My work really falls inbetween most standard categories, such as ‘geopolitics’ or ‘economic geography.’ But in everything I do I try to bring a sense of urgency and passion to it, as well as a belief in the importance of working for political, economic and social justice. My latest book, “Practising Public Scholarship”, is the most direct manifestation of this effort.
Your geopolitical preferences
What is your favourite definition of geopolitics?
The two things that I find most compelling in geopolitics are studying the relationship between micro and macro scales, and also examining the relationship between a logic of territory and a logic of capital accumulation.
The first takes me to some amazing feminist theory going back to Cynthia Enloe and up to great scholars like Judith Butler (and in geography–people like Jo Sharp, Anna Secor, Sue Roberts, Matt Sparke, Jennifer Hyndman, and a bunch of others.)
The second has been a productive tension for many in the field, including scholars as diverse in their interests as Neil Smith and Stuart Elden.
Which geopolitical scientist do you admire the most?
From my very first days in graduate school I have always felt that David Harvey is the clearest, most analytically precise and most prescient thinker in geography.
He linked geopolitics with geoeconomics long before it was fashionable to do so, and this has remained a constant thread in his work for over four decades. Furthermore, he always uses rich empirical (spatial!) evidence (Paris, Iraq) to back up his theoretical claims, and he writes with purpose and conviction–all things I greatly admire.
What is your favourite geopolitical book?
My favorite geopolitical book that I’ve read in the last year is “Little Bee”. Over the past 20 years it has to be “Catch 22”.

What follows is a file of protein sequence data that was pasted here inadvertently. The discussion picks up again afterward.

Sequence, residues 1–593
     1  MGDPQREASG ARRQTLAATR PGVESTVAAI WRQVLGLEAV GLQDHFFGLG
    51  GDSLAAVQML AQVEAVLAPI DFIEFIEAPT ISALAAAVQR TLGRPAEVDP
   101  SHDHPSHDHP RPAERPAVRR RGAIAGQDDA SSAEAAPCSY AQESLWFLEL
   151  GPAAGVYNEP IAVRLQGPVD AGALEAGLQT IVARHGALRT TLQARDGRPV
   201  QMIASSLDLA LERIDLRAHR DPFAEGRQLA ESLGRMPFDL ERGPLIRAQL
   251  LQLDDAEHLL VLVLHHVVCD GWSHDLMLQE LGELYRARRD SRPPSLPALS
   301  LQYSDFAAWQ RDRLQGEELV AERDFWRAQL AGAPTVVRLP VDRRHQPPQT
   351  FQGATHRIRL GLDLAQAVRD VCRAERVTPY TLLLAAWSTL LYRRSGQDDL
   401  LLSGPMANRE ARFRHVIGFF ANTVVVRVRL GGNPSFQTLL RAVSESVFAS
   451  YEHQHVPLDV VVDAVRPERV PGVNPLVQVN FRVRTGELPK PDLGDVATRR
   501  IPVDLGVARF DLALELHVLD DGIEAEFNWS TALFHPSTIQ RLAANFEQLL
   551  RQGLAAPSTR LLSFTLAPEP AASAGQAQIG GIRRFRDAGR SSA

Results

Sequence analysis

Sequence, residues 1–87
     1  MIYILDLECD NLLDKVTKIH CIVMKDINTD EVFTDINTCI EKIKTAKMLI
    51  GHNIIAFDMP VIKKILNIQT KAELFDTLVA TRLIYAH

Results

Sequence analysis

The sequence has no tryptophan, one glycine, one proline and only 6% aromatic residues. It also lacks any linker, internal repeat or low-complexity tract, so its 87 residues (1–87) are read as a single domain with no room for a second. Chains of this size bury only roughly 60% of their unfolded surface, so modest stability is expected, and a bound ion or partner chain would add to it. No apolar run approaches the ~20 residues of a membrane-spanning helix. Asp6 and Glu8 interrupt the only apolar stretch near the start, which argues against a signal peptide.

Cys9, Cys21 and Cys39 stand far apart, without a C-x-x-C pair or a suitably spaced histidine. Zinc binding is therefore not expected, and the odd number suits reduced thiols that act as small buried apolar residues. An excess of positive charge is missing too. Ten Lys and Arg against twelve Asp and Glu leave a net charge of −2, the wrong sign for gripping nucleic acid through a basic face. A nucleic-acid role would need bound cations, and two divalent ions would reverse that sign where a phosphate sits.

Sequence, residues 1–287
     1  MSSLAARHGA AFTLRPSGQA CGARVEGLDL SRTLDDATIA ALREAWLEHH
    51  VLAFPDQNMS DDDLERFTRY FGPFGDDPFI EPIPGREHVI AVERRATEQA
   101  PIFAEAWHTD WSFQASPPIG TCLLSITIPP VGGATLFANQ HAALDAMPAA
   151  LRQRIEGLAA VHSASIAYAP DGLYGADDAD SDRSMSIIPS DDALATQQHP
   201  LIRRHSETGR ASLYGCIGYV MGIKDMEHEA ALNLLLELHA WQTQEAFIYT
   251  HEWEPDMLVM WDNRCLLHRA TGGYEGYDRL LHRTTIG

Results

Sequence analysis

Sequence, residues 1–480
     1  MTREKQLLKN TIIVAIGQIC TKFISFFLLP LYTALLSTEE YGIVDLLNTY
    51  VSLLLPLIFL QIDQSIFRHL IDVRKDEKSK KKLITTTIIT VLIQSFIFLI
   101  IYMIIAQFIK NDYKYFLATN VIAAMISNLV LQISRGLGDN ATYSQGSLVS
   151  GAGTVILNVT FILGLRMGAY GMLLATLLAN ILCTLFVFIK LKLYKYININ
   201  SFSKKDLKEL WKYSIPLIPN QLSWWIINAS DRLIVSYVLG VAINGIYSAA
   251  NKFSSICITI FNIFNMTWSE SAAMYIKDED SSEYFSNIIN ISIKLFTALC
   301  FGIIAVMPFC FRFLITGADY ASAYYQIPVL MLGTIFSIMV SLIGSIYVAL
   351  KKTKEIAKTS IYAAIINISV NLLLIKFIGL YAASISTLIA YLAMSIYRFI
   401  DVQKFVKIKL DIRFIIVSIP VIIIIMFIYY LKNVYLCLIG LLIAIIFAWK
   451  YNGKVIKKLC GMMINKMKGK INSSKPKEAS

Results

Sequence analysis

I find that novels like these effectively link the micro and macro processes which interest me, and also capture the absurdity, humor, pain, and structural violences that characterize much of contemporary geopolitics and the lives of those caught within it.
What is your favourite geopolitical website?
In the last few months I’ve started checking out the blogs of Stephen Walt after hearing him interviewed on the radio. He’s a well informed critic of Middle East politics, a region of the world of which I’m terribly ignorant, and obviously an area of critical importance these days.
The geopolitical future
In what direction(s) will geopolitical science be heading the coming decades?
I think we will be examining the rise of fascism, and wondering how it was possible that we wasted so much valuable time in the 00s thinking about things like nonrepresentational theory.
Richard Wolin has some great articles on left fascism and the academy that ought to be required reading for all graduate students.
Which geopolitical subject has been too little in the spotlight and needs further research?
What will be the largest geopolitical challenge for the world in the 21st century?
Following the recent Gulf oil spill and the still unfolding nuclear disaster in Japan, alongside what we already know about global climate change, it is increasingly evident that the relentless race for energy sources will bring us to the brink of ecological disaster well before the end of the 21st century.
“Practising Public Scholarship: Experiences and Possibilities Beyond the Academy”, Wiley-Blackwell, 2008.